What's weird is why are the Tories so afraid of this? Surely, though the details may get a bit embarrassing, its a case of "mistakes were made (by two govs) but now they've been fixed". How can that be worse than this slowly unfolding political disaster?

bigcitylib said...

Jeff, what I take from Glavin is that the previous liberal government created a mess that the Tories inherited. I'm not committed to any of his particular epicycles.

JimBobby said...

At the Afgh Cmte mtg before Christmas, NGO witnesses testified that the current agreement is, in fact, NOT working. Detainees are still being tortured.See this.

FWIW, the Martin gov't (and every sitting MP) was informed about what was happening in 2004. See this.

A couple of fine points: very few <20?) detainees were handed over before teh Kandahar deployment. Since then 100's have been handed over.

Since the Libs continue to call for a full inquiry and the Cons resist, it is apparent that the Cons see themselves most vulnerable on this file.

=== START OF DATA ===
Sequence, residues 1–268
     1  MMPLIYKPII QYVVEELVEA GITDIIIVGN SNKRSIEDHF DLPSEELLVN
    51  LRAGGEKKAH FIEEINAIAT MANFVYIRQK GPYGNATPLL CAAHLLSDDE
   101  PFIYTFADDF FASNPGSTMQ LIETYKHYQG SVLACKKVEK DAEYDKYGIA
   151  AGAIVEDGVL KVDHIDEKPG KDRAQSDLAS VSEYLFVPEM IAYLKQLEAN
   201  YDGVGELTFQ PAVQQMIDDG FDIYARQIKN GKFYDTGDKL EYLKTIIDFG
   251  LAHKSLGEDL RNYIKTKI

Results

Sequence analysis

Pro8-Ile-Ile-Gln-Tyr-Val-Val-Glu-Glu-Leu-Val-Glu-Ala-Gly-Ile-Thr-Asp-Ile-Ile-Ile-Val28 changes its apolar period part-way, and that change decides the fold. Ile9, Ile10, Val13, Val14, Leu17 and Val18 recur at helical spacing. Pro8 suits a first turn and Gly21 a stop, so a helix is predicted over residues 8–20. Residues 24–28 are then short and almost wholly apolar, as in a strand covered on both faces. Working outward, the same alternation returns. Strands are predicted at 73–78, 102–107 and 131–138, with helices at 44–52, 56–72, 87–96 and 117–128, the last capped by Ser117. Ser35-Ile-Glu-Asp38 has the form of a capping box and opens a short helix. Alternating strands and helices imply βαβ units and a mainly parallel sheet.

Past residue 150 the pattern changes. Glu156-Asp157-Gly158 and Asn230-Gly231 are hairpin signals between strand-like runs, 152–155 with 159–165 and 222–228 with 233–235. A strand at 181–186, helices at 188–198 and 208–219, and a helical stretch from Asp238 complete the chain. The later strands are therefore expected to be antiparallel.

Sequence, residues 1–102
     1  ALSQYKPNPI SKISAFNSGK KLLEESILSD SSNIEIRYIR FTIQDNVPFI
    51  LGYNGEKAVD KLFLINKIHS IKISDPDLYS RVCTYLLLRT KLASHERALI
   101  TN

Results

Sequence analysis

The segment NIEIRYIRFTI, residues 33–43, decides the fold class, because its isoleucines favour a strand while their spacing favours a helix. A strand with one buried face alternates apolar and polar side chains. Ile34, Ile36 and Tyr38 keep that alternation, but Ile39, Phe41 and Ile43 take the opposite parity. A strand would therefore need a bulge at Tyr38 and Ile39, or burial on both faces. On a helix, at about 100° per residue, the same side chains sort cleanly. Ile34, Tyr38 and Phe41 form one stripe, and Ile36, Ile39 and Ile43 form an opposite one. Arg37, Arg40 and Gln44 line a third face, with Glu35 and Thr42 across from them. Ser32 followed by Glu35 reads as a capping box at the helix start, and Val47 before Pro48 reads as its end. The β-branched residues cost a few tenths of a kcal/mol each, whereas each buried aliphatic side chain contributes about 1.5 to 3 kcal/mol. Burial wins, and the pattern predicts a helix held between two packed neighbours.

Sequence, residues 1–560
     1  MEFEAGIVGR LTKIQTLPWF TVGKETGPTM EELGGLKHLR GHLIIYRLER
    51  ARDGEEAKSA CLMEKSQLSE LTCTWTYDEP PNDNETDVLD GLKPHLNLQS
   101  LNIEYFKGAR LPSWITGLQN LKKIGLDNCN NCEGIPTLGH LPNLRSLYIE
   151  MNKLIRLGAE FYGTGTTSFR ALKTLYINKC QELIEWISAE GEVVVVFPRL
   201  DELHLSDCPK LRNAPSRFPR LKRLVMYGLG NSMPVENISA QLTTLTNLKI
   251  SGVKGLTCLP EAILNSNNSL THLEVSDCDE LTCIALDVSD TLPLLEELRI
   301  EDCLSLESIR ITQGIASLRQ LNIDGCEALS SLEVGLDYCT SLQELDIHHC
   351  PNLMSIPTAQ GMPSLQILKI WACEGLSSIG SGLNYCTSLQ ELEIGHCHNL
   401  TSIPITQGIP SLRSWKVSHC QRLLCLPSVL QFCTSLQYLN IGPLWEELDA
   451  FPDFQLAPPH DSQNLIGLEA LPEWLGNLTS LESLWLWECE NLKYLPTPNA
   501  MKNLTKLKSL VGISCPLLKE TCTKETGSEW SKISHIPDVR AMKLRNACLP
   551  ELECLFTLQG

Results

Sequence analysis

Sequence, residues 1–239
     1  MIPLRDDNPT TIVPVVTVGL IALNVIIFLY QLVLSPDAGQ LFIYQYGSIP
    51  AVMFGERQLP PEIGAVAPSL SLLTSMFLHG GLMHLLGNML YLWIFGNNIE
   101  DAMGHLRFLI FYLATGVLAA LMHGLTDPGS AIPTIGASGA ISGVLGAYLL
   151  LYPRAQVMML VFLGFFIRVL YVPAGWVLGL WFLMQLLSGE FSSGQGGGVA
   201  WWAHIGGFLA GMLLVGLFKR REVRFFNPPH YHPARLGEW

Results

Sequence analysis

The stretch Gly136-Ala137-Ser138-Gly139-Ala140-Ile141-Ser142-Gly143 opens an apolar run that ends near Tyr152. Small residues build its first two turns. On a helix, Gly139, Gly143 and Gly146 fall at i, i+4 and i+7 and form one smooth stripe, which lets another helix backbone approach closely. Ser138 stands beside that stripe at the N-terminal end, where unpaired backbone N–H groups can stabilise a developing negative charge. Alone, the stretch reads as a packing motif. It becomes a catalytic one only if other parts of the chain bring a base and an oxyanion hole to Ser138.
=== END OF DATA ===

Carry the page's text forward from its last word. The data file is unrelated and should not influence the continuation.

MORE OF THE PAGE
Torture is happening right this minute. Canada has the power to stop handing over detainees but we continue to do so knowing full well, as we have for years, that they face mistreatment.

Complicity in torture is the real crime. Prorogation is just the getaway car.


ridenrain said...

I guess that since McCallum let the cat out of the bag, it's a desperate scrabble to find someone else to blame.

Gayle said...


Yer funny RR.

Hey, did you know if you keep repeating the same lie over and over again it magically comes true?

silliopolous said...

What distinction is to be made?

An agreement between Afghanistan and the Canadian forces was signed by Rick Hillier on December 18th, 2005.

Negotiations may have started under the Liberals, but let us all remember that the non-confidence vote happened on November 28th, 2005 with Parliament dissolved the next day. So, at the time of the agreement and for almost three weeks of final negotiations prior to the signing, Canada was effectively without government.

That was Hillier's agreement. Not Paul Martin's, and I have seen no evidence provided anywhere that the agreement signed was vetted in final form by anyone from the Liberal Party.

double nickel said...

@JimBobby: I'm so stealing this!

"Complicity in torture is the real crime. Prorogation is just the getaway car."

JimBobby said...

@double nickel - Run with it.

Ti-Guy said...

A couple of fine points: very few <20?) detainees were handed over before teh Kandahar deployment. Since then 100's have been handed over.